I don’t know if the previous occupants of the room had spontaneously, in response to some silent command congealed into a huddled unit of humanity, or whether this entity made of people had invaded while I was pondering some bubble-wrap, ejecting all people not-of-itself in order to brood in isolation; either way the cordial human furniture was no more. Nestled in the centre of a bed of jackets and faces was one voice to which all ears were listening intently, a quiet voice which I hadn’t noticed until looking up, but once noticed became an audible shackle which chained all of our movements. They were there to listen, they were numerous and with a shared objective clearly revealed by their intently furrowed brows, they were there to do something which by its very nature transformed us into antagonistic outsiders: we were busy about the noisy business of laying models, drawings and books to rest in suitably fitting caskets, they were there –judging by the dark seriousness uniformly shadowing the group- to absorb some solemn decree, some weighty judgement delivered in diminutive tones.
The quietness of the speech across the room made each one of our movements into self-lacerations, into captive actions, trapped by their loudness into unavoidably offending the entity’s sobriety. Where before all our thought had been on how best to pack and enclose, stack and tie, now each thought was burdened with another, with the extra consideration of how to pack and enclose –but quietly, and of how to stack and tie –but quietly; every one of these actions was painful because no matter how much thought we put into keeping them quiet they were always louder than the voice, always interruptions in its reverie. Every tug on the role of masking-tape, every rip in the sheet of bubble-wrap hurt us because we couldn’t make it disappear, and our isolated self-awareness was repeatedly re-affirmed exterior to our embarrassment by one or more of the pallid faces turning towards us in silent reproach, confirming that they wanted as we did for us to disappear. Each time I escaped for a moment from being the object of disapproval by doing something silent like measuring a box, I would be filled with the desire to be indignant, to remember that they were usurpers, to keep in my mind that they were not meant to be in the room at all, let alone filling it with their arbitrarily assumed mandate. I would turn to pull something apart, or slide something along the floor with all the self assertive theatricality of someone who is over compensating for severe shyness; but each time, just as I began to produce some sound, I became once again all too aware of the aggression that my sounds perpetrated against the subdued lecturer, and the unnerving eyes that would pivot to rest judgingly on the source of the disturbance.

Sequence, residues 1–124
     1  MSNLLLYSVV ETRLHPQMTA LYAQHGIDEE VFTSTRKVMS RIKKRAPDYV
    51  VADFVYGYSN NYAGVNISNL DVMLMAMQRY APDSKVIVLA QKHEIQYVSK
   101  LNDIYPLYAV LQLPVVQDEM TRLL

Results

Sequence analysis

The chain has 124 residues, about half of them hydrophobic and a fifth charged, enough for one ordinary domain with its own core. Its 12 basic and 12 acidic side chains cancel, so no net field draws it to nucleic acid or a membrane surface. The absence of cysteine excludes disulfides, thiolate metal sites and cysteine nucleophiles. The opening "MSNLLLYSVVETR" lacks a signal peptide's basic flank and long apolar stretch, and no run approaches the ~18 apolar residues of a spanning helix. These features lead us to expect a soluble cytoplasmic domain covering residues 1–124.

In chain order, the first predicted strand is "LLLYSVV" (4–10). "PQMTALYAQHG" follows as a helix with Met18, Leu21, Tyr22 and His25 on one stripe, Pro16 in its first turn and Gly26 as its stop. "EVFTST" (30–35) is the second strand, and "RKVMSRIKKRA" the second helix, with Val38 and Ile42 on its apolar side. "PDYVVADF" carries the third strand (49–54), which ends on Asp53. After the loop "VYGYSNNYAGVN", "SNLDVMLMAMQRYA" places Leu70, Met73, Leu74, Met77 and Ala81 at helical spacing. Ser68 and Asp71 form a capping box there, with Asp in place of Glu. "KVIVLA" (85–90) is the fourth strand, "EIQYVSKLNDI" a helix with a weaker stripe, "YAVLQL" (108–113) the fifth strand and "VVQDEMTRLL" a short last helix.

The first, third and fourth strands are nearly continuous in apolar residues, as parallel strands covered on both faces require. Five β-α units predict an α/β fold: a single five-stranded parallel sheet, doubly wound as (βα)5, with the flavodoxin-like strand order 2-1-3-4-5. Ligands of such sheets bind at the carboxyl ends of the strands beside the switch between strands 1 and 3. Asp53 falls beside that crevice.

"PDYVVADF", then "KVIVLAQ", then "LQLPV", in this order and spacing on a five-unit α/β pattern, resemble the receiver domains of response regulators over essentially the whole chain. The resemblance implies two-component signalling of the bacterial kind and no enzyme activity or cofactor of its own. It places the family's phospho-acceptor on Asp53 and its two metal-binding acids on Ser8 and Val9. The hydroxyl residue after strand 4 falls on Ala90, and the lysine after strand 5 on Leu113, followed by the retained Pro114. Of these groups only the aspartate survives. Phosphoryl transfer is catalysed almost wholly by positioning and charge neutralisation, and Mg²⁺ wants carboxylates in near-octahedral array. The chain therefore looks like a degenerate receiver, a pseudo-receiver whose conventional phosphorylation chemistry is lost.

My attempts at revolt having failed, I fell back on a tactic of conciliatory mime, in that as I clearly couldn’t be as quiet as to not disturb, I would enact comically inflated gestures of apology: when unrolling tape I would compress my facial features into a histrionic wince for the duration of the action, when carrying a big box out the door, I would unnecessarily balance it on one raised thigh while acrobatically closing the door with the opposite arm, performing what I was hoping looked like a remarkable human cantilever, with the ostensible purpose of keeping the noise pollution from outside away from the engrossed congregation. These mimes, although they were empty of real effect, although they didn’t help the voice to be heard any better, soothed my nerves because for me they acted as signs, as transparent symbols of a clear desire to be unobtrusive. By manufacturing the outward appearance of trying very hard to be compliant, I negated the need to try so hard to actually be totally quiet, while simultaneously clearing my conscience of the best part of its awkward guilt. In this manner we finished mummifying my work in bubble-wrap, and encasing it all in card-board coffins, which some later version of me will no doubt open up in some future attic to nostalgic and tear-ridden recollection.